- Restart the Apple Mobile Device Service
- Check for third-party mobile phone software (if you’ve connected another phone to the system, this may be the problem)
- Troubleshoot third-party security software (this involves elimination testing for all 3rd-party services, which can be a real PITA)
I’m glad I got off that escalator at step 2. The other steps grow more onerous, particularly Step 6, which involves trial-and-failure experimentation to identify an offending program or service. Been there, done that, no fun at all!2
In reading over the forum traffic at TenForums. recently, I encountered an item of great interest. This thread is entitled “File System Filter ‘wcifs’ Event ID 4.” Despite the title, it reveals that a number of Windows 10 users have been unable to create or use restore points recently. Curious to understand if my own system might be affected, I went looking for wcifs-related errors on my production PC. And sure enough, I found them. Not only that, I was also unable to revert to a brand-new restore point I created. This leads to my hypothesis — namely, that Win10 restore points appear broken.
Reverting to a recent restore point reported success, but then this message appeared following restart. Ouch!
What Makes Win10 Restore Points Appear Broken?
Discussion of the underlying problem based on error codes points toward some issue(s) with the Volume Shadow Service, or VSS. One astute reader pointed to a TechNet article about the File Screening Minifilter Driver. And indeed, errors related to that driver or to WCIFS appear to be present in all reports of this apparent breakdown for restore points in Build 1607 Version 14393. That’s the current production version of Windows 10, the Current Branch to be perfectly clear.
Another thread on TenForums picks up and runs further with the WCIFS theme. It’s entitled Warning about File System Filter ‘wcifs’ – what is THAT ??? That’s exactly my own actual symptoms, too, so I dug in to learn more. The emerging consensus is that this is indeed a Windows bug (not something caused by third-party applications or user error). And of course, this leads to the question posed in the afore-linked thread: What is WCIFS anyway?
This acronym stands for Windows Container Isolation file system, and refers to a file system driver for Windows Containers (a relatively new addition to the Windows OS, which hints at some reason(s) why it might be experiencing difficulties). A Google search on “windows container isolation filesystem” turns up lots of interesting hits, too. It looks like container support started making its way into Windows 10 and Windows Server 2016 earlier this year (sometime in April, perhaps). It’s a way to isolate a container from the host OS, so that file system changes inside the container don’t affect that OS. I’d have to guess that something has gone wrong with this somewhere, or that the context for Volume Shadow copies has somehow gotten mishandled, and that efforts to restore are violating container boundaries.
What to Do About Broken Restore Points?
This is an interesting set of problems whose resolution will be worth watching. I’ve filed a detailed report with the Windows 10 Feedback Hub, and hope it will lead to some action. In the meantime, I’m also no longer relying on restore points to haul my fat from the fire. I’ve upped my backup frequency to nightly using Macrium Reflect, and remain pretty sure I’ll be able to put myself back in action with no more than a day’s work lost. I’d suggest others think about the same or similar strategies, until this matter is resolved.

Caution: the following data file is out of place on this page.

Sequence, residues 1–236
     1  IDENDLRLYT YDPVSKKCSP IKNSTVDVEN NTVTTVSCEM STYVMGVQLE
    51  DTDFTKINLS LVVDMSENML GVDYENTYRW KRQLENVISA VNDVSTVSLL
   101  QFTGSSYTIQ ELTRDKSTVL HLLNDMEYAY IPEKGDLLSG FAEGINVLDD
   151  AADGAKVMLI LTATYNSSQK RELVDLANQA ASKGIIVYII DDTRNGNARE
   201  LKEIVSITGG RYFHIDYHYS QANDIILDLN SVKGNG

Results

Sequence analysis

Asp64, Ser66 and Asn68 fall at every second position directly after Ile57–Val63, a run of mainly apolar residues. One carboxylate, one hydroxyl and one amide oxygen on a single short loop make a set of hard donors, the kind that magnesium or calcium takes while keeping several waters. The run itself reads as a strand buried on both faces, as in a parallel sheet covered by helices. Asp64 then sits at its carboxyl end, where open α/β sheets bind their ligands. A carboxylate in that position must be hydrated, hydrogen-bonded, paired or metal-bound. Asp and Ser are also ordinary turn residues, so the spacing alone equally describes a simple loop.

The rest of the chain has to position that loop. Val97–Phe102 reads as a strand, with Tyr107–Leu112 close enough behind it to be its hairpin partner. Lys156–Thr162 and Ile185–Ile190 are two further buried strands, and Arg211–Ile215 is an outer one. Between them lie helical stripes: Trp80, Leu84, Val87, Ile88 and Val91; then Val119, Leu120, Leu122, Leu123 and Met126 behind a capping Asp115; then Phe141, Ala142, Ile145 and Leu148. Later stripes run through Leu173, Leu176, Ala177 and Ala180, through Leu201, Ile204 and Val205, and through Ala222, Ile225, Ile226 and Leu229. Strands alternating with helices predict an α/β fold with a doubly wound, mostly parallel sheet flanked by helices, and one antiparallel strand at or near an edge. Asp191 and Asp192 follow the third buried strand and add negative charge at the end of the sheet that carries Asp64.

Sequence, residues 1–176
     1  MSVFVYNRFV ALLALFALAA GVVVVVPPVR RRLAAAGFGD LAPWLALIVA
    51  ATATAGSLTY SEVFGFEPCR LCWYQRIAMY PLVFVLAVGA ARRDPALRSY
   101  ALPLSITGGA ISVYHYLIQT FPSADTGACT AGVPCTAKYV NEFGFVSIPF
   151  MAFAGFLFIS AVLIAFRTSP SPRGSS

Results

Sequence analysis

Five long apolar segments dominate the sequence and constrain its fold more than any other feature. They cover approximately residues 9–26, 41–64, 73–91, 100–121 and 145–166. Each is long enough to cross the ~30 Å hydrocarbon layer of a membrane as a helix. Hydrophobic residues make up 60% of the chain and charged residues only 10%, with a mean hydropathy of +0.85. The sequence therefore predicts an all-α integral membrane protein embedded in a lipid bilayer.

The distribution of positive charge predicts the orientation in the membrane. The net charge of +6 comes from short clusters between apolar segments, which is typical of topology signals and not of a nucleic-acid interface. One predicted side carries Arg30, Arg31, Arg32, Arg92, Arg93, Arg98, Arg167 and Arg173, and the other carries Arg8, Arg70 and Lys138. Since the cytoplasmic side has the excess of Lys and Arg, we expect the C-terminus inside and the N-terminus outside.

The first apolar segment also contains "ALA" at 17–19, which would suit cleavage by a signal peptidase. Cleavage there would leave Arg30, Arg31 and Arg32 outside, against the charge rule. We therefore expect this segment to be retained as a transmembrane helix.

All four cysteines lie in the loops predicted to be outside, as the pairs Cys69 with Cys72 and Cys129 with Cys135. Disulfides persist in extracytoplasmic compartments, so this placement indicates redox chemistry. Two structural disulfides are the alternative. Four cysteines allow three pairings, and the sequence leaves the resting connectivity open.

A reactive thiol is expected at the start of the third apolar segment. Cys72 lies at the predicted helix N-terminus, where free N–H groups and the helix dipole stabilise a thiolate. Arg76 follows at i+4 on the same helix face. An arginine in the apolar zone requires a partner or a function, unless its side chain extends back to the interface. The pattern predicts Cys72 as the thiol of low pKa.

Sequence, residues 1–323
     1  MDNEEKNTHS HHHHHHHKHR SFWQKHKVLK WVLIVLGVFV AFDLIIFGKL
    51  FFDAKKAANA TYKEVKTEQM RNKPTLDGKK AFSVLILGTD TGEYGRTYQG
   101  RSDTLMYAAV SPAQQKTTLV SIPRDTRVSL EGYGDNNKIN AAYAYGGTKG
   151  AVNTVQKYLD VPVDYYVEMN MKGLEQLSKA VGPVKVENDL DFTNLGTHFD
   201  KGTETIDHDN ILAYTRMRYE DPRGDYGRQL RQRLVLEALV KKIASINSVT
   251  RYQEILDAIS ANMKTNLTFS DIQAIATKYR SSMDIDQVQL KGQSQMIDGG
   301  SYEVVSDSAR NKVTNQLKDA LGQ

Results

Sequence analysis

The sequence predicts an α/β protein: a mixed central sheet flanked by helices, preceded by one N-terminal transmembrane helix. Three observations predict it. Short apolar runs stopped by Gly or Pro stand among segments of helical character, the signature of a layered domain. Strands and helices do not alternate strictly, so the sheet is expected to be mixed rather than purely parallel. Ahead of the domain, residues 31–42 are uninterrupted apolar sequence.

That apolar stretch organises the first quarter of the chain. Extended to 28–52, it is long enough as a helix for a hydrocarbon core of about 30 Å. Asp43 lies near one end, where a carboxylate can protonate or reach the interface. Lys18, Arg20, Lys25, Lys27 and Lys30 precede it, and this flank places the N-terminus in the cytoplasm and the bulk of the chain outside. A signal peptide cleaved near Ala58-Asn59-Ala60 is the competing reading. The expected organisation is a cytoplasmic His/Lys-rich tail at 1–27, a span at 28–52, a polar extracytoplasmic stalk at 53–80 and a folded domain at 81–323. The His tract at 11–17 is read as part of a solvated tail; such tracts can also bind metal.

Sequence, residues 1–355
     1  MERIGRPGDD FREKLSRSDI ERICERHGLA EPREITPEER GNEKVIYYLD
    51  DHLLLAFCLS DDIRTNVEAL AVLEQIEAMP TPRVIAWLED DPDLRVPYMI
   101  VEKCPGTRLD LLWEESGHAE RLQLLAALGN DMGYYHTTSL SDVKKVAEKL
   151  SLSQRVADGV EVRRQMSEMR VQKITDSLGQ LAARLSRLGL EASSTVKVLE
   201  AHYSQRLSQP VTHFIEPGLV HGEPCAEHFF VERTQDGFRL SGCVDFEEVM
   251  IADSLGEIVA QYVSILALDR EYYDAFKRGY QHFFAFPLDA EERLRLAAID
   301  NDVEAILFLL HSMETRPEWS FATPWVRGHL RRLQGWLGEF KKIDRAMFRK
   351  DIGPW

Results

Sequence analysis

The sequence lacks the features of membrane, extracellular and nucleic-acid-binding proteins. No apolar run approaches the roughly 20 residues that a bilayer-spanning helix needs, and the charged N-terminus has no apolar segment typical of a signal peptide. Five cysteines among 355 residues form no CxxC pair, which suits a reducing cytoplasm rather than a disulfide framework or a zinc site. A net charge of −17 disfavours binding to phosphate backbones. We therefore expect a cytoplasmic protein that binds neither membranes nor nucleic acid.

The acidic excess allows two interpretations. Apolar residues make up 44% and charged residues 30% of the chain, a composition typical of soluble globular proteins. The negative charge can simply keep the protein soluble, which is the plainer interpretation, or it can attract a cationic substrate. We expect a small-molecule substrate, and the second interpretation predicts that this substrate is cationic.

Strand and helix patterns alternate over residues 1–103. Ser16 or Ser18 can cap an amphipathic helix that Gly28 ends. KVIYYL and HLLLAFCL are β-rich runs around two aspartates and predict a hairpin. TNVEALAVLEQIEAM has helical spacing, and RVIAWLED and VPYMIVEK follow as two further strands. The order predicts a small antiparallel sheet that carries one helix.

As the release for Windows 10 Creator’s Update nears, the pace of Insider Preview releases is accelerating. Just last week, I got stuck upgrading my desktop test PC to Build 15031 Enterprise. Ultimately, I performed a clean install of that build, plus its usual aftermath. But I got caught by an oversight when I could neither see nor grab Thursday’s subsequent 15042 Build. Thus, I re-state the maxim that entitles this post: “Always adjust defaults after clean install.”
What does that mean in this particular case? Alas, I forgot that a clean install of the Insider Preview automatically sets the build pace “Slow.” But only users who opt into “Fast” pace get new Builds as soon as they’re released. Slow users must wait until MS deems new releases stable enough for wider distribution. This led me down a few false trails before I found the real, dead-simple solution. My clean install was in the Slow group by default: toggling it Fast changed my status. Within minutes, I was happily downloading 15042; in under an hour it was installed and backed up.
Just one small toggle switches Insider Preview pace from “Slow” to “Fast.”
How Long Does the Switch-Over Take?
After selecting Fast as shown above, I wondered how long I’d have to wait for an upgrade offer. The “Note” at the end of the screencap hints at possible delay. So I waited 5 minutes, then tried my luck. I was pleasantly surprised when the 15042 update offer popped up. I was even more pleasantly surprised when I got through the entire upgrade process AND a complete system backup of the new build in under an hour.
If one can only remember things that need tweaking in the wake of a clean install, one can avoid such hiccups. The next time I do one, I’ll create a checklist which I will post here. Please: stay tuned!
Late last week MS released a new Windows 10 Insider Preview build. Little did I know that there would be “Interesting Issues in Insider Preview 15042.” But after a couple of failed installs, I found myself “bitten” on my Dell Venue Pro 11. That’s when I remembered that the release notes included this warning:
A small percentage of PCs may fail to update to this build due to a corrupt registry key. If your PC appears to be at the spinning dots black screen during boot for an unusual amount of time while updating to this build, hard reboot your PC and then run the following commands in an admin Command Prompt…